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No one understands: Something is wrong with the Earth's magnetic field around the north and south poles

No one understands: Something is wrong with the Earth's magnetic field around the north and south poles

Life on our planet is made possible by the magnetic field, which is why it is important to learn about it as much as possible.

What is the main difference between Earth and Mars? The fact that Mars does not have a global magnetic field like our planet that protects it from cosmic events such as the solar wind – scientists are right They are mostly of the same opinionthat Mars once had one.

You see, this “invisible shield” surrounding our planet is essential to protecting fragile life on Earth, and if life ever existed on Mars, it would have been made possible by the Red Planet's ancient magnetic field. So it doesn't hurt to know as much as possible about this field – for example, we already know that our planet's magnetic field is not constant: Earth's magnetic field is affected by the solar wind, which presses on the magnetosphere more strongly during periods of solar activity. Traditional models assume that these changes explain the differences in magnetic fields that we observe on the Earth's surface and in space. However, new research suggests that there is more to it than that, especially regarding the differences between the north and south poles of magnetic fields. Writes IFLScience.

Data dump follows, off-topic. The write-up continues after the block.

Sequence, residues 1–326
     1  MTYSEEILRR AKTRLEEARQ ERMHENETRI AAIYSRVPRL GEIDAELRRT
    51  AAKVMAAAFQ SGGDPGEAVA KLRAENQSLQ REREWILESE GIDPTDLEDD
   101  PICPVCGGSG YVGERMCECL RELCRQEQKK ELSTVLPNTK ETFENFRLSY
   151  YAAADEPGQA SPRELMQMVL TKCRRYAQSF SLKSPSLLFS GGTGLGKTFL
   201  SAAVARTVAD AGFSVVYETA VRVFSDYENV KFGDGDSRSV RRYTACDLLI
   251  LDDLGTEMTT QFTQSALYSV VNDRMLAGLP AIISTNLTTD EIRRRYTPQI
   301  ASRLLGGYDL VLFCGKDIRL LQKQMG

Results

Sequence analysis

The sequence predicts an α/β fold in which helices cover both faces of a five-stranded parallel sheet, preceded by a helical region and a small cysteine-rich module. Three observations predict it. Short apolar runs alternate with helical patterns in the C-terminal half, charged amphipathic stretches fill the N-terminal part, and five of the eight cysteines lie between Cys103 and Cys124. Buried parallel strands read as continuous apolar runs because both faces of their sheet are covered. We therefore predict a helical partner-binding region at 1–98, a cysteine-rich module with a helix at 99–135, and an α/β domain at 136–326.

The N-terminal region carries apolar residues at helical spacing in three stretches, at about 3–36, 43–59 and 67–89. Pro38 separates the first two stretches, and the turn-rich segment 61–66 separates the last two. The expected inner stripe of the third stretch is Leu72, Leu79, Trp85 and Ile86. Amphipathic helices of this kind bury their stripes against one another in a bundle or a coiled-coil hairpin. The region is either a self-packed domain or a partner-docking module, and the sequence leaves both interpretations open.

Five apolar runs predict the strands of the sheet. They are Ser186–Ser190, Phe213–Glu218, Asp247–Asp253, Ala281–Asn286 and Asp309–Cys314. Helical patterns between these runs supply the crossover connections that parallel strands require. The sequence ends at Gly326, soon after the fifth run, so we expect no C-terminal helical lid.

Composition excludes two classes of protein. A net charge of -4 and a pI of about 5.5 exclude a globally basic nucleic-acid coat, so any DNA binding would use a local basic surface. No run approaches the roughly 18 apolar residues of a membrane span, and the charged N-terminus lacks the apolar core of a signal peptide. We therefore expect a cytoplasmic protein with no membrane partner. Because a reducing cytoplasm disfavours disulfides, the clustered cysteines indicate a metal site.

The researchers collected data between 2014 and 2020, a period when geomagnetic conditions were mostly moderate, specifically to reduce the impact of space weather on observations. However, although these conditions were relatively stable, significant differences were observed between the magnetic fields of the polar regions. This was new because it had traditionally been assumed that the Earth's magnetic field was approximately the same at the north and south poles.

The researchers used Swarm satellites to collect data on currents in the ionosphere and magnetosphere. These satellites move in polar orbit, which means they collect a lot of data about the corners of the Earth. There's just one problem: this distribution of data can lead to sampling bias, since relatively less data is available from the rest of the Earth. If we combine this data into a model that gives a simplified view of the Earth's magnetic field, the model's results may differ from reality.

All this leads to the fact that these simplified models usually do not take into account the asymmetry of the Earth's magnetic field.

According to Professor Mark Muldwyn, understanding these distortions also has practical benefits: it allows us to better model the Earth's magnetic field, which can improve satellite navigation and aviation systems. In addition, for some reason, the polar magnetic field has undergone a rapid change in the past decade – a phenomenon that scientists have yet to explain. As Muldwyn added:

“This increases the complexity of creating accurate models of the magnetic field.”

(Image: Earth.com)


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